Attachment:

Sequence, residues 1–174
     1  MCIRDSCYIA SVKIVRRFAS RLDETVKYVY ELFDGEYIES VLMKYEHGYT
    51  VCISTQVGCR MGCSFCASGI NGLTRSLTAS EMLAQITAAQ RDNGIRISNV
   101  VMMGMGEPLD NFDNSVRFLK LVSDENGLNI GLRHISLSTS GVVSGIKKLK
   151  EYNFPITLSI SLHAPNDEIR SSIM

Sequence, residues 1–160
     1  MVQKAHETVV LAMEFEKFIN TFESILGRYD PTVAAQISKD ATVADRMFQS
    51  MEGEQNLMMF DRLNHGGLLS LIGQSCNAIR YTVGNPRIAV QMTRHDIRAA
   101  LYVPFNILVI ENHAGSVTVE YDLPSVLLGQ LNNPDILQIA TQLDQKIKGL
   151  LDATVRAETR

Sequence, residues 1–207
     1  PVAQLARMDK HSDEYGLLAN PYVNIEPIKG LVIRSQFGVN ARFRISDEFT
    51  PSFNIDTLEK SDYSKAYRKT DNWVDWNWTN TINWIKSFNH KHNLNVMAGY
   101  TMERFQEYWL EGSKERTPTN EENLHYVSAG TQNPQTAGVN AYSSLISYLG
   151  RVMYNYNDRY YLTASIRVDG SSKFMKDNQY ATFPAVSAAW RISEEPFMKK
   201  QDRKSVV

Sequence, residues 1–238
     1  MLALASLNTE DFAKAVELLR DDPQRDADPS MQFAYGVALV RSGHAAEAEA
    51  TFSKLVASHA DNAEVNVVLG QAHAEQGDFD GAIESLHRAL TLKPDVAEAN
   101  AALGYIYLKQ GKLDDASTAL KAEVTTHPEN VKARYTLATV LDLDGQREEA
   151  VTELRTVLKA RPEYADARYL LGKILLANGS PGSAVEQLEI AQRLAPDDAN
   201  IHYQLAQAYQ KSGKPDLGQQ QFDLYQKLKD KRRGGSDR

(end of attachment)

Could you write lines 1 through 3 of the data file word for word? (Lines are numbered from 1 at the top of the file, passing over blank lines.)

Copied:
Sequence, residues 1–174
     1  MCIRDSCYIA SVKIVRRFAS RLDETVKYVY ELFDGEYIES VLMKYEHGYT
    51  VCISTQVGCR MGCSFCASGI NGLTRSLTAS EMLAQITAAQ RDNGIRISNV